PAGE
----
The Politics of Life—and Politics

“If a woman of her own accord drops that which is in her,

they shall crucify her and not bury her.”

The Assyrian Code, c. 2000 B.C.

Ancient history is worth keeping in mind when confronting the claims of the pro- and anti-abortion and euthanasia camps, since both tend to couch their arguments in terms of abstract universal human rights, rather than appeal to tradition, faith, and history.

The Greeks and Romans, who believed that a father should decide whether to admit a newborn child into his family, were not “pro-choice,” any more than Jews and Christians were “pro-life.”  Nothing like individual rights, one way or the other, entered the picture.  Nor was infant exposure—thinkers such as Epictetus notwithstanding—primarily a philosophical question.  The practice, or the abhorrence of it, derived from ancient tradition and was but one facet of a larger way of life.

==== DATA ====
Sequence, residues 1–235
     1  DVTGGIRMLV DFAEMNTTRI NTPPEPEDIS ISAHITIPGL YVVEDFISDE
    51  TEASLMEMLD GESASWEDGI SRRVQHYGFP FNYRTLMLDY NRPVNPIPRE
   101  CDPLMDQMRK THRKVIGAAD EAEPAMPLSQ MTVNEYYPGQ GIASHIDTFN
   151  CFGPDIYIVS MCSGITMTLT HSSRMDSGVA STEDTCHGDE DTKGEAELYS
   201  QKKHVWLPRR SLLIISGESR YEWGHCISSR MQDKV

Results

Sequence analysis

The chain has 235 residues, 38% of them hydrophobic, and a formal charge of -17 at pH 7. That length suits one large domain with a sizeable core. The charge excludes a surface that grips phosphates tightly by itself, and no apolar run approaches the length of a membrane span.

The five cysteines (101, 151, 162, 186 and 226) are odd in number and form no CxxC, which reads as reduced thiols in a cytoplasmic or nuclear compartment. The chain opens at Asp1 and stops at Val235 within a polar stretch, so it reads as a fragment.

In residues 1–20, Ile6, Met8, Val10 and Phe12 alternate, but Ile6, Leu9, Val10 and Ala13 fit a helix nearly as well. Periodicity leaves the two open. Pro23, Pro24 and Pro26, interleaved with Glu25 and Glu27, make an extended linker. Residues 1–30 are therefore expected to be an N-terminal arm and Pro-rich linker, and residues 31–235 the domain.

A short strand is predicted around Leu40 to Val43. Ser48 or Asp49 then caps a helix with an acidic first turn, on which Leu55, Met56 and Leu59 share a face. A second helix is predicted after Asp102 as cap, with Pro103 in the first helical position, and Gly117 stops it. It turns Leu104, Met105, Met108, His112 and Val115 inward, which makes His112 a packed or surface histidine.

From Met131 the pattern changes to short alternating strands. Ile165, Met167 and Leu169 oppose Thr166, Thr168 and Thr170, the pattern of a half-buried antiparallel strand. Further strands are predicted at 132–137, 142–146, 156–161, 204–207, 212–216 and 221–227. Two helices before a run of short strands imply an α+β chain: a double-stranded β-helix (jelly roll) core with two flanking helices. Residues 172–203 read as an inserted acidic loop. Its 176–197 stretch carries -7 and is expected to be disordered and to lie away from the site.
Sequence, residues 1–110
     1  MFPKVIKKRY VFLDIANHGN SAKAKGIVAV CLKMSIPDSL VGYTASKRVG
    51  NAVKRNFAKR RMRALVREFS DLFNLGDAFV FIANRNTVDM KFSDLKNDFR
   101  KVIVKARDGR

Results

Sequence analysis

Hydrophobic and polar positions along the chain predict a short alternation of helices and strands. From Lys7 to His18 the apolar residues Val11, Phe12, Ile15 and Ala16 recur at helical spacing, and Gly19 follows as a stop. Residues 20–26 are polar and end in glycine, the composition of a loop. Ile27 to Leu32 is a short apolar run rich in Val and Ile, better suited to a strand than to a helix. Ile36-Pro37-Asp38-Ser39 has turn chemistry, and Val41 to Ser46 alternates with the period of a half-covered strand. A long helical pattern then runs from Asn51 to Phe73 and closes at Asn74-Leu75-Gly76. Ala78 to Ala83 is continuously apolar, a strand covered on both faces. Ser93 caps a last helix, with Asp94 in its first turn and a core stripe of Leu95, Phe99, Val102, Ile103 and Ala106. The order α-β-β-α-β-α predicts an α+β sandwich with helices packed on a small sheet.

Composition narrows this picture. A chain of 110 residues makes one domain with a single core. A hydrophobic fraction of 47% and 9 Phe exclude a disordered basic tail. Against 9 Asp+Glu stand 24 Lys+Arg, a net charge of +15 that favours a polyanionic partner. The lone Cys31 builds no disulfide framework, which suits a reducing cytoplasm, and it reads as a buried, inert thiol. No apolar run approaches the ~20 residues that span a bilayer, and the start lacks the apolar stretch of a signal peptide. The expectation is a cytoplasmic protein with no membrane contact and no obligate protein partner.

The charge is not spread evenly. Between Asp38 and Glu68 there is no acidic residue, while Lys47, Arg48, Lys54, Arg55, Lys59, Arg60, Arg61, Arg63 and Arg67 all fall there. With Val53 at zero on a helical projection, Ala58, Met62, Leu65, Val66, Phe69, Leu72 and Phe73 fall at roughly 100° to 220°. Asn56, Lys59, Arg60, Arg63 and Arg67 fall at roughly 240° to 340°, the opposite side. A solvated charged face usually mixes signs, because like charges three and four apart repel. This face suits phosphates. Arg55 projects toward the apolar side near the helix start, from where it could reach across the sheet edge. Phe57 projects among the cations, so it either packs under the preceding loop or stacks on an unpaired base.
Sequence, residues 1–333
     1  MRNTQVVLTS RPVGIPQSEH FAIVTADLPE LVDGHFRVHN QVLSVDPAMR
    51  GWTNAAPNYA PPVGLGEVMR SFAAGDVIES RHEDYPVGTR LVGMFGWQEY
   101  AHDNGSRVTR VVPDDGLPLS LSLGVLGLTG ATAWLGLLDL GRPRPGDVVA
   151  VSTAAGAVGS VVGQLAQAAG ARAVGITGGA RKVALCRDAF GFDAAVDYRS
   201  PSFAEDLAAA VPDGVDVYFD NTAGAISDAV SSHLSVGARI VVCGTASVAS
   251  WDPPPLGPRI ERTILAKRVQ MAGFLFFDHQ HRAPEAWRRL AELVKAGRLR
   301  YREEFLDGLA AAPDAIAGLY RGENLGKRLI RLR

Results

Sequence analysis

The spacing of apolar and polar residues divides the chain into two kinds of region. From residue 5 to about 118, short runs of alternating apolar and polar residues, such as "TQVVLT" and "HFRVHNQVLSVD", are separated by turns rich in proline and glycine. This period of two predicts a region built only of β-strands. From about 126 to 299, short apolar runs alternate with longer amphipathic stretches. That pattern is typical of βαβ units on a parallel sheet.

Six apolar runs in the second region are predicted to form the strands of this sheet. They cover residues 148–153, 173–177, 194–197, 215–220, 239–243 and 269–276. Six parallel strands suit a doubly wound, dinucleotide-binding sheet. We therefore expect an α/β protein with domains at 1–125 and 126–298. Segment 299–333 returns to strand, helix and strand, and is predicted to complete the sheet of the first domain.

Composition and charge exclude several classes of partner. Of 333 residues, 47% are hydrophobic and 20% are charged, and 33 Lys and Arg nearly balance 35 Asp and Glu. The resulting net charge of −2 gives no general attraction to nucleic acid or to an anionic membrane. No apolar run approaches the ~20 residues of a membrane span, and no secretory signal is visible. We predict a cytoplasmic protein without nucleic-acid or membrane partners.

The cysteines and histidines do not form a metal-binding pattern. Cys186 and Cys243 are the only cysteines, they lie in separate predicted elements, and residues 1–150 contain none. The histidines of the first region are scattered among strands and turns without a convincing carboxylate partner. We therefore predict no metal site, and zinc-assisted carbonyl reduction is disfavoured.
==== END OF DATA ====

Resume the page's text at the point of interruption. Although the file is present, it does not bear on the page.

What was true of infanticide was broadly true of ancient opinion about abortion and suicide as well.  The Hippocratic Oath, with its injunctions against physicians assisting in suicide or providing a pessary or other means of abortion, did not reflect the prevailing ethos.  In Roe v. Wade,...

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